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Amazon Route 53 and DNS Records

Amazon Route 53 and DNS Records
Overview
Difficulty
Beginner
Duration
2h 22m
Students
362
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Description

This section of the Solution Architect Associate learning path introduces you to the core networking concepts and services relevant to the SAA-C03 exam. We start with an introduction to the AWS Virtual Private Network (VPC) and networking services. We then understand the options available and learn how to select and apply AWS networking services to meet specific design scenarios relevant to the Solution Architect Associate exam. 

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Learning Objectives

  • Get a foundational understanding of VPCs, their security, and connectivity
  • Understand the basics of networking including Elastic IP addresses, Elastic Network Interfaces, networking with EC2, VPC endpoints, and AWS Global Accelerator
  • Learn about the DNS and content delivery services Amazon Route 53 and Amazon CloudFront
Transcript

Amazon Route 53 is the domain name management service provided by AWS.   The domain name management system or DNS is responsible for translating domain names to IP addresses every time we use the internet, similar to a phone book that translates from a person to an actual number to dial.  As such, DNS is part of the essential fabric that holds together the internet. 

When you use Amazon Route 53 to register a domain, the service becomes the authoritative DNS server for the domain and creates a public hosted zone.  A Public zone defines how traffic is routed on the public internet. A Private zone defines how traffic is routed inside a virtual private cloud or VPC.  VPCs intended to be used with Private Zones need to have DNS Hostname and DNS Support enabled in their configuration. 

Private and Public Hosted Zones are made of records.  There is a variety of record types. Two of the more important record types are the Name Server or NS record type and the Start of Authority or SOA record type. Amazon Route 53 creates a set of 4 unique NS records and 1 SOA record in each hosted zone created. 

The Name Server (NS) records are used to identify the DNS servers for a given hosted zone. 

The Start of Authority (SOA) record is used to define the authoritative DNS servers for an individual DNS zone.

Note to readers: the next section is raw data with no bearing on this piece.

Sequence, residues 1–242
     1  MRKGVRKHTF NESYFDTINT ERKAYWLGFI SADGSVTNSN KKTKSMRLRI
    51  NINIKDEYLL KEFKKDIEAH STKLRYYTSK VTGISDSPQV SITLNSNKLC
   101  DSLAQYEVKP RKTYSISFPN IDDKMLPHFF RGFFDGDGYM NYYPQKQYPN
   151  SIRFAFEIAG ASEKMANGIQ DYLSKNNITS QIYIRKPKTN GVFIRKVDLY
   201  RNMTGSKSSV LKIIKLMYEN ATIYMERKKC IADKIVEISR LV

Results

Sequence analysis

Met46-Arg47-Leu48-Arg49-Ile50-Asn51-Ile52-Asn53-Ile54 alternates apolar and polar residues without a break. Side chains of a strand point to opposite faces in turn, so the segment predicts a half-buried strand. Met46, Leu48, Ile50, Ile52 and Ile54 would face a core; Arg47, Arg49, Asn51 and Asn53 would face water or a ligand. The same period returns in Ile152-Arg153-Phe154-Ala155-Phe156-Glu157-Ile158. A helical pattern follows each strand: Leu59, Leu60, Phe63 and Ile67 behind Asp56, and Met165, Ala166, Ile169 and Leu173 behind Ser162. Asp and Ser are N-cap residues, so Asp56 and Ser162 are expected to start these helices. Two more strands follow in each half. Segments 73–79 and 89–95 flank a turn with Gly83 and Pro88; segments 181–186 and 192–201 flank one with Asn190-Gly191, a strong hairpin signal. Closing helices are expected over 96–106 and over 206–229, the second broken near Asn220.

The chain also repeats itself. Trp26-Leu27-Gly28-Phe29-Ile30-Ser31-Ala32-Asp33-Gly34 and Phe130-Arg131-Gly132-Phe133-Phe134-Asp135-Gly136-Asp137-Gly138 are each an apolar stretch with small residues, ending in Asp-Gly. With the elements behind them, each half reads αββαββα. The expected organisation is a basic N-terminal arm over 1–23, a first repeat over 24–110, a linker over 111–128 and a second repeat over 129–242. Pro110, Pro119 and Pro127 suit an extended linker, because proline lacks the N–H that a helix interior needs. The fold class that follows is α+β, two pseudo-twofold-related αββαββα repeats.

These two records are essential to integrating your domain to the existing DNS system.

Route 53 supports the common record types of DNS including:

The A record is used to map a hostname to an IP address. An A record is used for IPv4 address.

The AAAA record is also used to map a hostname to an IP address. The AAAA record is used for IPv6 addresses. 

A Mail exchange (MX) record is used to identify email servers for a given domain.  You can have more than one and set the priority using a number. For example, you may have a primary email server with a priority of 10 and a secondary email server with a priority of 20. The lowest number record is used first. 

The text (TXT) record is used to provide information in a text format to systems outside of your domain. It has multiple use cases.  

A canonical name or CNAME is used to map a hostname to another hostname. This can be used to map multiple names to the same host.  For example, when a server needs to respond as webserver using the hostname WWW and mail server using the hostname MAIL at the same time. 

Please note that DNS supports record types above and beyond those mentioned here.  

One record type that is outside the scope of DNS is the Alias record type.

The Alias record type is unique to Amazon Route 53 and maps a custom hostname in your domain to an AWS Resource which is usually represented by an internal AWS name.  For example, CloudFront distributions, Amazon S3 buckets, and Elastic Load Balancers provide you a domain name that is internal to AWS.  You can use an alias record to define a custom name to that resource. You can also use Alias records to map to apex records which are the top nodes of a DNS namespace like on example.com or cloudacademy.com

When you create a record using Route 53 you specify the record name, the record type, the actual value, the Time-To-Live in seconds, and the Routing policy for this record. 

The Time to Live specifies the amount of time the record is considered valid. The same record result obtained before is used in the future and DNS won’t be queried again until the TTL has expired. 

The Routing policy for a record defines how to answer a DNS query. Each type of policy does something different including the possible use of health checks.  Let’s talk about those health checks first.  

 

About the Author
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Stuart has been working within the IT industry for two decades covering a huge range of topic areas and technologies, from data center and network infrastructure design, to cloud architecture and implementation.

To date, Stuart has created 150+ courses relating to Cloud reaching over 180,000 students, mostly within the AWS category and with a heavy focus on security and compliance.

Stuart is a member of the AWS Community Builders Program for his contributions towards AWS.

He is AWS certified and accredited in addition to being a published author covering topics across the AWS landscape.

In January 2016 Stuart was awarded ‘Expert of the Year Award 2015’ from Experts Exchange for his knowledge share within cloud services to the community.

Stuart enjoys writing about cloud technologies and you will find many of his articles within our blog pages.